Restoration demography: a 10-year demographic comparison between introduced and natural populations of endemic Centaurea corymbosa (Asteraceae).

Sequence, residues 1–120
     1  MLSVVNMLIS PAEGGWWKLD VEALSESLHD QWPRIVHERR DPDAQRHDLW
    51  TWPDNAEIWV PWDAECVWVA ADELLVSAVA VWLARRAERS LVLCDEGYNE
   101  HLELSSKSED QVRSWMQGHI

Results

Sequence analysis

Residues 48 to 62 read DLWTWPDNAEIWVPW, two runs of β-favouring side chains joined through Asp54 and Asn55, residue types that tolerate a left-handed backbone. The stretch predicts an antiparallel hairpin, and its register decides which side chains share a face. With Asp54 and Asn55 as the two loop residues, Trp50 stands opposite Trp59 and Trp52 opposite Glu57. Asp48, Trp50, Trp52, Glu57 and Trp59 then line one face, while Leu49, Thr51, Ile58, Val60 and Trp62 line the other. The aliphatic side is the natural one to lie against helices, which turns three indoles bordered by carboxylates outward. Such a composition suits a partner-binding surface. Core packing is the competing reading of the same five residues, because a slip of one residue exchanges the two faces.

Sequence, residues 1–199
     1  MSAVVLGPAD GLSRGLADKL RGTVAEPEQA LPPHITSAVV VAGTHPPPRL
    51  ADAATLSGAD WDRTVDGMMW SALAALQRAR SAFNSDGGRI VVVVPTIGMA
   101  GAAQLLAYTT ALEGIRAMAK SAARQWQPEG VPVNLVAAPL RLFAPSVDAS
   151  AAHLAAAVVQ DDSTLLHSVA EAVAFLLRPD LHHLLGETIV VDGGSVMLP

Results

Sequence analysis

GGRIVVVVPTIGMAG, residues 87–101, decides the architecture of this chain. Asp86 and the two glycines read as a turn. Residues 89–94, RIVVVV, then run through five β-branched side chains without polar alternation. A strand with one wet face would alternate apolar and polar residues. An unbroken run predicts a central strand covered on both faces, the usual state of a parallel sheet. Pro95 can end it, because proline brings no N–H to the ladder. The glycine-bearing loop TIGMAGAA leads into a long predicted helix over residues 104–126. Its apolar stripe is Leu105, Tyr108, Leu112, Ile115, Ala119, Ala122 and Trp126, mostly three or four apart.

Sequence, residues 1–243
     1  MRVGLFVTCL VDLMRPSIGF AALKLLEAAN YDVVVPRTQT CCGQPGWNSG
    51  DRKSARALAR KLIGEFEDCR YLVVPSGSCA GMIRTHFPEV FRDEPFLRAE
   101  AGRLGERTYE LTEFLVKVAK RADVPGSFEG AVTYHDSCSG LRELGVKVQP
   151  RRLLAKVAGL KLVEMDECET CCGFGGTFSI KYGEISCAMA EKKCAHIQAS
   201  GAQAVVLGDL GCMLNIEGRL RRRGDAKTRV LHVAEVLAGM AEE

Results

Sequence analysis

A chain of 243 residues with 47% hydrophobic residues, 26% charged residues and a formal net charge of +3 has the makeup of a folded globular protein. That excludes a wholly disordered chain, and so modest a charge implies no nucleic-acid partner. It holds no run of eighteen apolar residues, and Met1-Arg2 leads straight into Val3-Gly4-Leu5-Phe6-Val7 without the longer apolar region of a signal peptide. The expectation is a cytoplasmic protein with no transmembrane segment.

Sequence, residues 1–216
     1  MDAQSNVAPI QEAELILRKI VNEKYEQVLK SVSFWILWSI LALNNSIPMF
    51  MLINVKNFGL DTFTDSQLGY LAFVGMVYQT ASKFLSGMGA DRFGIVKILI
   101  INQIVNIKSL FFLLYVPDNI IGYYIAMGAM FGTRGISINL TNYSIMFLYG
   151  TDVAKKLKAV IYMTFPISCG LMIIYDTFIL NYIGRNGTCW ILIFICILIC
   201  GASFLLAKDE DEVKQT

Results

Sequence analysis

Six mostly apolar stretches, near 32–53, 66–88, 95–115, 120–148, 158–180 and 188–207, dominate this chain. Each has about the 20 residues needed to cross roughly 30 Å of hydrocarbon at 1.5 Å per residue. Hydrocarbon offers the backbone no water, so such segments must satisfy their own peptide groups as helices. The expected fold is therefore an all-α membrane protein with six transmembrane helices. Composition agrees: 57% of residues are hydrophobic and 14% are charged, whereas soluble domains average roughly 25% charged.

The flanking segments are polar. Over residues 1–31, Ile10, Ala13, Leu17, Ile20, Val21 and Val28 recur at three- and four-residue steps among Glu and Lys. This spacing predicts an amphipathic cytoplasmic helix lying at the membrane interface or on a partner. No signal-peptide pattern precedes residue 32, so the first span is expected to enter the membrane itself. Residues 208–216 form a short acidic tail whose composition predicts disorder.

In a context of increasing human impact on ecosystems and species distributions, population restoration (introductions, reintroductions, reinforcements) is an essential management tool, especially for plant species with limited colonization ability. However, detailed demographic surveys following restoration and comparisons of demographic rates between restored and natural populations, although essential for identifying the key factors of restoration success, are lacking. We compared the demography over 10 years of six natural and two experimentally introduced populations of the narrowly endemic, cliff-dwelling, self-incompatible plant species Centaurea corymbosa. We analysed the fate of two cohorts of individuals that emerged simultaneously from seed introduction and natural germination. We then built a matrix model of population dynamics (using 6 years of data) and compared the demographic rates and asymptotic growth rate between the natural and introduced populations. Overall, survival rates were higher in the introduced than in the natural populations, either due to better habitat conditions at the cliff scale or to better conditions in microsites selected for seed introduction compared to those reached by chance following natural seed dispersal. In contrast, introduced populations exhibited lower fecundity than natural populations, probably due to the introduction protocol which led, in combination with self-incompatibility, to severely reduced mate availability. Despite clear differences in population dynamics between introduced and natural populations, no significant difference in the asymptotic growth rates could be detected, because the higher survival compensated for the lower fecundity in introduced populations. Synthesis and applications. Creating new populations of C. corymbosa in suitable unoccupied sites seems straightforward, provided that the introduction protocol allows sufficiently high fecundity. This key parameter for restoration success can be optimized by sowing seeds from several sources at high density and in several consecutive years, which should increase mate availability for self-incompatible flowering individuals. We suggest that population introduction might be successful for many (endemic) plant species whose geographical range is mainly limited by low colonization ability, especially in Mediterranean landscapes. We show that the simultaneous monitoring of restored and natural populations enables identification of the key parameters to be targeted for management optimization of restored populations.